My title page contents

Sunburn still common in our country

This is a great time to be outdoors, doing the things you love to do. Taking care of your skin while enjoying the outdoors is important. Michael Tjoelker, MD, a board-certified dermatologist with the Fond du Lac Regional Clinic, suggests the following research showing the importance of protecting yourself from the harmful effects of the sun and what you can do to prevent sunburn.

In the United States skin cancer is the most prevalent form of cancer, and melanoma is the most lethal type of skin cancer. According to two studies conducted by the Centers for Disease Control and Prevention and the National Cancer Institute, young adults are increasing their risk for developing the disease.

In the first study, the researchers found that 50% of people aged between 18 to 29 reported that they had suffered at least one sunburn in the previous year, even though protective behaviors such as wearing long clothing to the ankles, sunscreen use, and seeking shade has increased. 66% of young white adults reported sunburn vs. 11% of blacks.

In the second study, the researchers found that indoor tanning is still popular among young adults, especially among white women aged 18-21 years (32%) and 22-25 years (30%). Among white adults who reported tanning indoors, 58% of women and 40% of men revealed that they used a tanning bed 10+ times in the past year. White women aged 18-21 who reported indoor tanning used tanning beds on an average of 28 times in the previous year.

Furthermore, white women aged between 18-21 years in the Midwest had the highest prevalence of indoor tanning (44%), as well as white women aged 22-25 years living in the south (36%).  According to the researchers indoor tanning before the age of 35 increases a person’s risk of developing melanoma by 75%.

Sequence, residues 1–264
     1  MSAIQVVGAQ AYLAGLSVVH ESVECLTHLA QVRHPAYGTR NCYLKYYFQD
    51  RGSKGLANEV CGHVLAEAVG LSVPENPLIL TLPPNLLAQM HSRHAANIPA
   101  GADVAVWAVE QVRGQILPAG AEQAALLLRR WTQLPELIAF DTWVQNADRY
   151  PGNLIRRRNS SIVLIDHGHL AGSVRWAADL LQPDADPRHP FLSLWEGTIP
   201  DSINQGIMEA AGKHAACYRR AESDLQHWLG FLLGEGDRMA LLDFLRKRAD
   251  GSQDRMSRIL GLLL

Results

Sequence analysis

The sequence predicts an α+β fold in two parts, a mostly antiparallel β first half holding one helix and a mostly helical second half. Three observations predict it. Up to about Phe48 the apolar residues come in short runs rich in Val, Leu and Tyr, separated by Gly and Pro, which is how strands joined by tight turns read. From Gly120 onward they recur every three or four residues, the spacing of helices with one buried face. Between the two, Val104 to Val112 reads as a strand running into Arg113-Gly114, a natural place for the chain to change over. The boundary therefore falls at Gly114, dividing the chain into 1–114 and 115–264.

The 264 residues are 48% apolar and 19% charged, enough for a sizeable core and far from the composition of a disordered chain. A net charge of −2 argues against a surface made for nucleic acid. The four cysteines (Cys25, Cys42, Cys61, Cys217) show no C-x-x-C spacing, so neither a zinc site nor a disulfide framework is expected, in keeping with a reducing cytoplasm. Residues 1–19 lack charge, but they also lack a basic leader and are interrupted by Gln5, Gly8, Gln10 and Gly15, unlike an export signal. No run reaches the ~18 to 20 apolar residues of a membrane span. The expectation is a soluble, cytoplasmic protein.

Individuals should take the following steps in order to protect themselves from sunburn and an increased risk of cancer:

  • Wear long clothing to protect exposed skin
  • Avoid indoor tanning
  • Use a sunscreen with a sun protective factor 15 or higher, and protects skin from both UVA and UVB rays
  • Wear wrap-around sunglasses that block UVA and UVB rays
  • Stay in the shade, especially between 10 a.m. and 2 p.m.
  • Wear a wide-brimmed hat that shades the face, head, ears and neck

http://www.cdc.gov/cancer/skin/

http://www.ncbi.nlm.nih.gov/pubmed/22325138

http://www.cdc.gov/mmwr/preview/mmwrhtml/mm6118a1.htm

http://www.ncbi.nlm.nih.gov/pubmed/22325137

http://www.cdc.gov/mmwr/preview/mmwrhtml/mm6118a2.htm

About Michael Tjoelker, MD

Graduated from the St. Louis University School of Medicine. Sees patients at the Fond du Lac Regional Clinic in Fond du Lac and Ripon. In Dermatology, the treatment of some conditions - such as skin cancer – there might be only one appropriate treatment option. However, for many other less-severe skin conditions, the type of treatment selected depends significantly on patient preference. It’s important to review treatment options with patients so that they can select the option that fits in best their needs and lifestyles. In conjunction with this, it is important to keep up with ongoing medical advances in skin care. Therefore, maintaining a high level of continuing medical education is very important to me.

, , , , , , , , , , , ,

No comments yet.

Leave a Reply

%d bloggers like this: